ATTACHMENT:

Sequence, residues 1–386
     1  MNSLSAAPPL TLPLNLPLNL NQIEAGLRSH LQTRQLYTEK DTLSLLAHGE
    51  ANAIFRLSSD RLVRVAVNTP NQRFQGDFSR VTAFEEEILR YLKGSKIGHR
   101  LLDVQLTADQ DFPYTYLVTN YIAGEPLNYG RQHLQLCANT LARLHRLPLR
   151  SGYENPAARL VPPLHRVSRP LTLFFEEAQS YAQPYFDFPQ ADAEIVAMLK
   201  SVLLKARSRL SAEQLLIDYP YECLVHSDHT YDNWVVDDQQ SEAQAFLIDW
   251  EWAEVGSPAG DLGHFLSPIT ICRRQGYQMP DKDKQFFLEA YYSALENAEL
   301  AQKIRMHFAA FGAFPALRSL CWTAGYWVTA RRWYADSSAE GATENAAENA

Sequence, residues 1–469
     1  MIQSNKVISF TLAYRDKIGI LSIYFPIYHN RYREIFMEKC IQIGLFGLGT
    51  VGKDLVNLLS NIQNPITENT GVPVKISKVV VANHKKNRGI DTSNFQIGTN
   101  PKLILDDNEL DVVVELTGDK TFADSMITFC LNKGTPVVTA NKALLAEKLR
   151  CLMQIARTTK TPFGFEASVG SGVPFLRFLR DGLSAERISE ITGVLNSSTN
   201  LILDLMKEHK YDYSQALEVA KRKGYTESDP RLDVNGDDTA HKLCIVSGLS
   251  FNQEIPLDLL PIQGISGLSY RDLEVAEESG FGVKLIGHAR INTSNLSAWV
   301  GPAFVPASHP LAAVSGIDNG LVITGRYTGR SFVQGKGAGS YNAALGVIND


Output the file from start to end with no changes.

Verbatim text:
Sequence, residues 1–386
     1  MNSLSAAPPL TLPLNLPLNL NQIEAGLRSH LQTRQLYTEK DTLSLLAHGE
    51  ANAIFRLSSD RLVRVAVNTP NQRFQGDFSR VTAFEEEILR YLKGSKIGHR
   101  LLDVQLTADQ DFPYTYLVTN YIAGEPLNYG RQHLQLCANT LARLHRLPLR
   151  SGYENPAARL VPPLHRVSRP LTLFFEEAQS YAQPYFDFPQ ADAEIVAMLK
   201  SVLLKARSRL SAEQLLIDYP YECLVHSDHT YDNWVVDDQQ SEAQAFLIDW
   251  EWAEVGSPAG DLGHFLSPIT ICRRQGYQMP DKDKQFFLEA YYSALENAEL
   301  AQKIRMHFAA FGAFPALRSL CWTAGYWVTA RRWYADSSAE GATENAAENA

Sequence, residues 1–469
     1  MIQSNKVISF TLAYRDKIGI LSIYFPIYHN RYREIFMEKC IQIGLFGLGT
    51  VGKDLVNLLS NIQNPITENT GVPVKISKVV VANHKKNRGI DTSNFQIGTN
   101  PKLILDDNEL DVVVELTGDK TFADSMITFC LNKGTPVVTA NKALLAEKLR
   151  CLMQIARTTK TPFGFEASVG SGVPFLRFLR DGLSAERISE ITGVLNSSTN
   201  LILDLMKEHK YDYSQALEVA KRKGYTESDP RLDVNGDDTA HKLCIVSGLS
   251  FNQEIPLDLL PIQGISGLSY RDLEVAEESG FGVKLIGHAR INTSNLSAWV
   301  GPAFVPASHP LAAVSGIDNG LVITGRYTGR SFVQGKGAGS YNAALGVIND